‘This case is not only novel, but also threatens to undermine cybersecurity by making it more difficult for companies to respond to increasingly sophisticated and highly-resourced cyber-threats,’ the Software Alliance wrote in an amicus filing with the U.S. District Court Southern District of New York Friday.
A software trade group says a case pursued by the U.S. Securities and Exchange Commission against SolarWinds should be dismissed because it could “chill an important source of public information about cybersecurity, to the detriment of the global information technology ecosystem.”
In an amicus brief filed Friday with the U.S. District Court Southern District of New York, the Software Alliance, a group also known as BSA that advocates for tech companies globally, outlined the reasons to toss the SEC’s pursuit of charges against SolarWinds and its chief information security officer after a major cyberattack in 2019.
That incident became one of the most significant cyberattacks in history, resulting in nearly 18,000 of its customers receiving a compromised software update, including the U.S. government. However, the company now says fewer than 100 customers were actually hacked through the attack known as Sunburst.
The SEC last October had charged SolarWinds with fraud and internal control failures after the observability and IT management platform developer allegedly concealed poor security practices and increased cybersecurity risks that led to the SolarWinds Orion cyberattack.
[RELATED STORY: SolarWinds CEO: Attack Was ‘One Of The Most Complex And Sophisticated’ In History]
“Three years later, the U.S. SEC now accuses SolarWinds—the victim of that nation-state attack—and its CISCO of securities fraud. The SEC acknowledges that SolarWinds warned investors that it was vulnerable to cyber-threats and, within two days of learning about the intrusion, filed a Form 8-K in which it publicly disclosed that it had been the victim of a potentially massive cyberattack. Nonetheless, the SEC accuses SolarWinds of defrauding investors by not publicly disclosing details about its cybersecurity vulnerabilities or exactly how many customers were infiltrated through the Sunburst attack,” according to the filing from The Software Alliance.
“This case is unprecedented,” the filing continued. “Never before has the SEC sued the victim of a nation-state cyberattack; sued a company for securities fraud based on the company’s cybersecurity disclosures; or sought to hold an individual personally liable for those disclosures. This case is not only novel, but also threatens to undermine cybersecurity by making it more difficult for companies to respond to increasingly sophisticated and highly-resourced cyber-threats.”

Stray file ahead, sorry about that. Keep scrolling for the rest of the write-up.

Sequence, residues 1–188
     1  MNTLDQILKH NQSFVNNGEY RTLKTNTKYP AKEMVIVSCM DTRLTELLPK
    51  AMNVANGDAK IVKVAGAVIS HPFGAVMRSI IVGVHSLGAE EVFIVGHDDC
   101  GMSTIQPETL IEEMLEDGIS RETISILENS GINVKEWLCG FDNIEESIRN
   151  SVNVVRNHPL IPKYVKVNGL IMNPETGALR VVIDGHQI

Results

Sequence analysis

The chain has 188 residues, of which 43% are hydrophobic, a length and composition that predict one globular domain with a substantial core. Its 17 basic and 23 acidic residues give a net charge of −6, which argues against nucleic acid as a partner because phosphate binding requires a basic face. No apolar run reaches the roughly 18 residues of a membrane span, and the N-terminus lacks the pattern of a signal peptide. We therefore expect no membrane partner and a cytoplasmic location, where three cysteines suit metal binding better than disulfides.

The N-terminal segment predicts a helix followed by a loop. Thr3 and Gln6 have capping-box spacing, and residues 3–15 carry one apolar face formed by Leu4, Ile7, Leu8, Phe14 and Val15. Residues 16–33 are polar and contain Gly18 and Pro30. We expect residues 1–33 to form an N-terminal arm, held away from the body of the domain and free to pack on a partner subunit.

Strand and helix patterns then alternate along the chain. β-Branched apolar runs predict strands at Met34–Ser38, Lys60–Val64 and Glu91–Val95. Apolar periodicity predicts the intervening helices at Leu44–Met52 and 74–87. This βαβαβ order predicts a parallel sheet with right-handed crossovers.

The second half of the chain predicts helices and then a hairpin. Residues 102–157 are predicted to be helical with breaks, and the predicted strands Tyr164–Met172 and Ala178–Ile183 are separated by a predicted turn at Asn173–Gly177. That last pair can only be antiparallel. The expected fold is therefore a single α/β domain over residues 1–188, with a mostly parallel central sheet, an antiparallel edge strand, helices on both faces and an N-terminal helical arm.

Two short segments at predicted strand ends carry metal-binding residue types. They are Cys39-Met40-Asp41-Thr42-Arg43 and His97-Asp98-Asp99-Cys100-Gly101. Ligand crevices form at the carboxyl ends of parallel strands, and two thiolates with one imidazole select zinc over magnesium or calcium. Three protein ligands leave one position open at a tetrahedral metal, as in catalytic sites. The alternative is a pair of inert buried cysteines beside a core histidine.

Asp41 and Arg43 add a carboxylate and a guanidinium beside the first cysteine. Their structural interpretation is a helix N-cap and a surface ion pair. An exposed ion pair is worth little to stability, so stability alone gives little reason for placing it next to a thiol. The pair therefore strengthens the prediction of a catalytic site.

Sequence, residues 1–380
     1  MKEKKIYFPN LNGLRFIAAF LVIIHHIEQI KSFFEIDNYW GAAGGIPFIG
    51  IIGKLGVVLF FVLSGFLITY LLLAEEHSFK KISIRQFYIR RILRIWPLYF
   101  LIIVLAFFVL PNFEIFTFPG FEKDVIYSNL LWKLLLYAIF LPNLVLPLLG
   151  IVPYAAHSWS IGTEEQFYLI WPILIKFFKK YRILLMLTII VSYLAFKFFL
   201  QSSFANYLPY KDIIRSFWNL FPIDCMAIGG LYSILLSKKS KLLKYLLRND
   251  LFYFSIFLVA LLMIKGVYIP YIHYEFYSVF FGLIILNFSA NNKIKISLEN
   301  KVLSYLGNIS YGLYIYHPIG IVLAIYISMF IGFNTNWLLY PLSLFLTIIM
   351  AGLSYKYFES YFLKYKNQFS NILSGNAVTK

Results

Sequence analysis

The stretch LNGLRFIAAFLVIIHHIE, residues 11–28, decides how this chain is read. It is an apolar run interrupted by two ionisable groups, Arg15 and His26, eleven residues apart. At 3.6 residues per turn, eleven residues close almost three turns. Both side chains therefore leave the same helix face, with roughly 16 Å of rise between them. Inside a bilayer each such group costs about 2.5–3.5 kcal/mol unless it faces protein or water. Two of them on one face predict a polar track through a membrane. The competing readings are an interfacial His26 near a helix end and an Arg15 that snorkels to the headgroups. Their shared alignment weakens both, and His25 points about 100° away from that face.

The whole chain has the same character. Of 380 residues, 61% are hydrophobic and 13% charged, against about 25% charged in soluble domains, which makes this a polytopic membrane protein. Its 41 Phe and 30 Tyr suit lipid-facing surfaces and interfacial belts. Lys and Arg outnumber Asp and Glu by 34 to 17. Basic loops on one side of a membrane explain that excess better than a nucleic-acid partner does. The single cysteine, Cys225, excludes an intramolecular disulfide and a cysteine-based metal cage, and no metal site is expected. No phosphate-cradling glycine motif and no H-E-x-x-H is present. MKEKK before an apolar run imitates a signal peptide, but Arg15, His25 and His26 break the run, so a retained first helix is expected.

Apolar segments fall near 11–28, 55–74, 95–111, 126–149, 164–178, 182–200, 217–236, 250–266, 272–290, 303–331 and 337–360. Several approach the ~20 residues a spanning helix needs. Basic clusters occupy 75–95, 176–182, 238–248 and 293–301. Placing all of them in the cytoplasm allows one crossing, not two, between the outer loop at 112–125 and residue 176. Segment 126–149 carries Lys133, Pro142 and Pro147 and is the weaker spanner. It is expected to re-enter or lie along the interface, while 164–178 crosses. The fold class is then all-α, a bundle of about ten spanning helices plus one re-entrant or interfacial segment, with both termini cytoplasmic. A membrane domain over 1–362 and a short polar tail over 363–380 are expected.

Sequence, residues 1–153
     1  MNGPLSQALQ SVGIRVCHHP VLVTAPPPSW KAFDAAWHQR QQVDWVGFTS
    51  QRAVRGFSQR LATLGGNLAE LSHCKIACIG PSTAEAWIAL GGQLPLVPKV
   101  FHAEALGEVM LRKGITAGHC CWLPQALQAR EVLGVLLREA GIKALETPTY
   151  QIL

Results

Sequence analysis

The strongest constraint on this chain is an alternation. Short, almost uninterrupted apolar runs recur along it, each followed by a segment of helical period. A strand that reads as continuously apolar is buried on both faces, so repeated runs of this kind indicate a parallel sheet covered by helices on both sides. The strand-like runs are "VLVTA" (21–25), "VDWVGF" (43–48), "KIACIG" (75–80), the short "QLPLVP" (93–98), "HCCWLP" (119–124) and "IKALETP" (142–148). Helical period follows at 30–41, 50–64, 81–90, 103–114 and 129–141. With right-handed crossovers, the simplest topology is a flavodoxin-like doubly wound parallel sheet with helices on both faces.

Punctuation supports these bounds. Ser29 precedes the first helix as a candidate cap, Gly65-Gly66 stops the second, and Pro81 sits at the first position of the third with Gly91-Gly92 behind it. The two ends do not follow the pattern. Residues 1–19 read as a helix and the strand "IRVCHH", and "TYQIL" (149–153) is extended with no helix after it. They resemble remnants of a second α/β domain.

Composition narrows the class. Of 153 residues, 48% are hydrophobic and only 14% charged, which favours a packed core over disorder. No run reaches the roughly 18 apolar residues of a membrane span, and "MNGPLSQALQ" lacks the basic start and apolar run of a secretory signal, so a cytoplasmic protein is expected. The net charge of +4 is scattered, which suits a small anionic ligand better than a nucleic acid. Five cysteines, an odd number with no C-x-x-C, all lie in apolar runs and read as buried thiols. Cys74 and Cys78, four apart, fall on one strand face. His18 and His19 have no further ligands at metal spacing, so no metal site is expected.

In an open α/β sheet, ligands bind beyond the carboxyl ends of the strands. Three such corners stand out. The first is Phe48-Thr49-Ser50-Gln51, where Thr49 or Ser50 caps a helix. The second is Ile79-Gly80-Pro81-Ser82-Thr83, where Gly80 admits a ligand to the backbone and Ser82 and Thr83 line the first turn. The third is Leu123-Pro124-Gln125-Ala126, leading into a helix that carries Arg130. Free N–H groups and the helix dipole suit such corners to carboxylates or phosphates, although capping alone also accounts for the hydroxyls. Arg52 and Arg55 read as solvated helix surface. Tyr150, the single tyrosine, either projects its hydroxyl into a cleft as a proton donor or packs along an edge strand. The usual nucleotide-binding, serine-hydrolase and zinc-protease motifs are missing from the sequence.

The Software Alliance also said that “if public companies must now fear the SEC will comb through their communications for evidence purporting to show that some of their employees were aware of undisclosed vulnerabilities, as the SEC has sought to do in this case, candid internal deliberations will be chilled and communications with law enforcement and national security authorities, other companies, and the public will be stifled, even though those communications are essential to effective cyberdefense.”
The SEC contends in its case against SolarWinds that the company “made an incomplete disclosure about the Sunburst attack in a December 14, 2020, Form 8-K filing, following which its stock price dropped approximately 25 percent over the next two days and approximately 35 percent by the end of the month.”
The agency alleges that SolarWinds and Brown ignored repeated red flags about SolarWinds’ cyber risks, claiming that SolarWinds during its October 2018 IPO provided only generic and hypothetical cybersecurity risk disclosures, even as CISO Timothy Brown in an internal presentation said the company was in a “vulnerable state” for critical assets because of the current state of security.
Last week, SolarWinds asked the court to dismiss the case entirely, claiming that the SEC’s charges were an attempt to “revictimize the victim.”
An SEC spokesperson declined to comment “beyond the public filings or our recent statement on this matter.”
In response to an inquiry from CRN, Serrin Turner, an attorney at Latham & Watkins who is representing SolarWinds, said in a statement that “we are grateful for the thoughtful amicus briefs filed by a wide range of stakeholders, which highlight that the SEC’s positions in this case are not only unsupported by the law but raise serious security concerns for companies, CISOs, and the public at large. We remain confident that SolarWinds’ disclosures at all times were appropriate, and the SEC’s assertions otherwise are fundamentally flawed.”